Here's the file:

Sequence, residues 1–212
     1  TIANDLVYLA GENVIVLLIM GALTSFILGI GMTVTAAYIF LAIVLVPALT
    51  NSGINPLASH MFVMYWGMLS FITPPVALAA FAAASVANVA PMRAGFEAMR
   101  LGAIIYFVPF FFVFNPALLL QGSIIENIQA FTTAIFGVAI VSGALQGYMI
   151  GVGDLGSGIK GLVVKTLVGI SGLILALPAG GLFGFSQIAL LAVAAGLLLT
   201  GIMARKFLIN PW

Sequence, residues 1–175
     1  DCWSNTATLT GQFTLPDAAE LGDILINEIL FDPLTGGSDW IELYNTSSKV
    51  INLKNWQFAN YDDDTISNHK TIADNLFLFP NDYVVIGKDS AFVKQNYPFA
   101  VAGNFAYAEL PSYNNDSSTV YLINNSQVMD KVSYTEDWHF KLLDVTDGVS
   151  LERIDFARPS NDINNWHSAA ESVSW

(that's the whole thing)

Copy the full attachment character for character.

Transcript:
Sequence, residues 1–212
     1  TIANDLVYLA GENVIVLLIM GALTSFILGI GMTVTAAYIF LAIVLVPALT
    51  NSGINPLASH MFVMYWGMLS FITPPVALAA FAAASVANVA PMRAGFEAMR
   101  LGAIIYFVPF FFVFNPALLL QGSIIENIQA FTTAIFGVAI VSGALQGYMI
   151  GVGDLGSGIK GLVVKTLVGI SGLILALPAG GLFGFSQIAL LAVAAGLLLT
   201  GIMARKFLIN PW

Sequence, residues 1–175
     1  DCWSNTATLT GQFTLPDAAE LGDILINEIL FDPLTGGSDW IELYNTSSKV
    51  INLKNWQFAN YDDDTISNHK TIADNLFLFP NDYVVIGKDS AFVKQNYPFA
   101  VAGNFAYAEL PSYNNDSSTV YLINNSQVMD KVSYTEDWHF KLLDVTDGVS
   151  LERIDFARPS NDINNWHSAA ESVSW